We met at the Kirkton of Skene car park in Aberdeen and drove in my friend's truck with her two Hungarian Vizslas to Auchallater on a clear morning with breaks in the clouds.
There were no cars at Auchallater car park. There is a £2.50 ticket for parking.
The last visit to Glen Callater 3 years ago was to climb Cairn an't Saigart Mor when we met Prince Charles and saw two adders on the walk to the Callater bothy.
The walk to the lodge was a bit of a slog and soon we arrived at the bothy where we made coffee and had cake.
We set off along the left shore of loch Callater along Jock's road along the burn and forded a few times. The ground beneath soon became boggy and soon we were rewarded with magnificent views of Corrie Kander's crags. The Lochan can only be seen from the ridge of the Corrie on the way back.
We started ascending along the left of the burn on the now no longer definable Jock's road. It's quite a steep ascent and we soon gained height and arrived at the plateau. We then took a right turn towards the first of the day's Munro, Tolmount. We had clear views of Broad cairn and Lochnagar.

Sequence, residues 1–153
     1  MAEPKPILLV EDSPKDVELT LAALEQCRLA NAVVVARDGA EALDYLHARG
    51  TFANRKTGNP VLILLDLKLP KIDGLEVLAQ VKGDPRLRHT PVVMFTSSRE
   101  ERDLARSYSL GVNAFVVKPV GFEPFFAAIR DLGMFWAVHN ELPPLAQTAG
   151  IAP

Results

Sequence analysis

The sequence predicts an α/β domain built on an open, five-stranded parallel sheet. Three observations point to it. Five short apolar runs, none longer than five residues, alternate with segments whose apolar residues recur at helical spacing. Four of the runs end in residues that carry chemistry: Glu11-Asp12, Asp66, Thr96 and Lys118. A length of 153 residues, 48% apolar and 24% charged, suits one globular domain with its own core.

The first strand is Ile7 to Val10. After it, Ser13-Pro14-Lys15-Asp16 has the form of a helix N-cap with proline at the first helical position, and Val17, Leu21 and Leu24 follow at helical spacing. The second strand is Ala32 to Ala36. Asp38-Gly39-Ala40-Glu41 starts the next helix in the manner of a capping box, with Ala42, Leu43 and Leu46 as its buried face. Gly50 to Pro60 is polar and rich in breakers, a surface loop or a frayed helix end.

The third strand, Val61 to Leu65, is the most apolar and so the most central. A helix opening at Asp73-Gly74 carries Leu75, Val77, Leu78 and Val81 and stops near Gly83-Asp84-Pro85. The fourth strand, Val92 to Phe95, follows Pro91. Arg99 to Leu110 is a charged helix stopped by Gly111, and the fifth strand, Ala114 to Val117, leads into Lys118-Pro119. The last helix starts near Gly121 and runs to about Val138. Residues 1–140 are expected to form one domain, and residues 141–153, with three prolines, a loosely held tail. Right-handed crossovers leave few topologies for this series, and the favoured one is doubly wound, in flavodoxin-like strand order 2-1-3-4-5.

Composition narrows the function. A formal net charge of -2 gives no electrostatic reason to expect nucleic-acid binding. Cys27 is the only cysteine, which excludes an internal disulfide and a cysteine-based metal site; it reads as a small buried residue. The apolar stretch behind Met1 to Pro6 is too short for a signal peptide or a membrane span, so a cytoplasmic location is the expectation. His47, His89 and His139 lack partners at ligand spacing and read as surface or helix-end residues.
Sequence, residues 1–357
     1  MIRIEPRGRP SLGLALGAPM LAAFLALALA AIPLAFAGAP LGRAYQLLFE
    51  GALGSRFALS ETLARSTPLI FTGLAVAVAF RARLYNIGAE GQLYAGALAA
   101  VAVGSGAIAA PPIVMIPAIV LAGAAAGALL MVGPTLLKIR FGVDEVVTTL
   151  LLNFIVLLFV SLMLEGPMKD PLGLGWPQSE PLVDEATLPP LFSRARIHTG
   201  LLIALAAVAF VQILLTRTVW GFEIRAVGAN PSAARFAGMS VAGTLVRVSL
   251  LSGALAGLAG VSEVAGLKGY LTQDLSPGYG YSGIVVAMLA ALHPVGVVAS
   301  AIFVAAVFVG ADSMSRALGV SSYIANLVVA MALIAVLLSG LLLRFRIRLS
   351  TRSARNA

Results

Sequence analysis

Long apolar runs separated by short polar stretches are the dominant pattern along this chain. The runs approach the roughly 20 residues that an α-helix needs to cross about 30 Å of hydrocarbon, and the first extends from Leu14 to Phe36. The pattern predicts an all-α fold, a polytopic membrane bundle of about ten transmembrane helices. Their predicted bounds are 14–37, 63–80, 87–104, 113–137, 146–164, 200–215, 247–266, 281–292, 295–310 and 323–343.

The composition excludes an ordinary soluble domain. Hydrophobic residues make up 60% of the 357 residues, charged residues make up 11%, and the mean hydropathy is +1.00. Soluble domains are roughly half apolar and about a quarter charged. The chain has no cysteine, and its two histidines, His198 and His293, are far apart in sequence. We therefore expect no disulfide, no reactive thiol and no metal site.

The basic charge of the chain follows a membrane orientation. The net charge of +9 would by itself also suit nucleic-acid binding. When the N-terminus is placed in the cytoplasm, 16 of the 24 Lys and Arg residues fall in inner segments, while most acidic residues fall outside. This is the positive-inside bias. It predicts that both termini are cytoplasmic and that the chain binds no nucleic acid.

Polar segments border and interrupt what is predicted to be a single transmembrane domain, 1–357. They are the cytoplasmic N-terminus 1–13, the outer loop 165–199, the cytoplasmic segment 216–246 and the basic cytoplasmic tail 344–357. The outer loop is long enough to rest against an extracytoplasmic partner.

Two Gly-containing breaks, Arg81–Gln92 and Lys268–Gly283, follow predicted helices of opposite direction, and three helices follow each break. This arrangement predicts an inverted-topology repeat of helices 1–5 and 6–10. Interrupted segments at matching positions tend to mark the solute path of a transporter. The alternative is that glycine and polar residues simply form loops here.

After a leisurely lunch and more coffee, walkers and dogs fed we headed for the the next peak South which indeed is like a pudding hill, Tom Buidhe. The dogs had great fun chasing hares across the bleak moor.
Leaving pudding hill behind we headed towards Cairn of Claise which was a slog across more peat bog moor. The dry stone dyke on the plateau guided us to the solid Cairn of this peak and views south across to huge crags were breathtakin.
We now had the choice of taking in our 4th Munro, Cairn an Tuirc which beckoned but it was getting bleak and we decided to head back along the ridge of Corrie Kander back to the Lodge at Callater.
We arrived back to the Lodge as the night was drawing in and some midges made an appearance. Dogs were dog tired and were lifted into the back of the truck. Overall a good day's work and we plan to do the Glenshee hills soon.
Travel and Coronavirus
Please check current coronavirus restrictions before travelling within or to Scotland.
Click for details
Share your personal walking route experiences in Scotland, and comment on other peoples' reports.
Warning Please note that hillwalking when there is snow lying requires an ice-axe, crampons and the knowledge, experience and skill to use them correctly. Summer routes may not be viable or appropriate in winter. See winter information on our skills and safety pages for more information.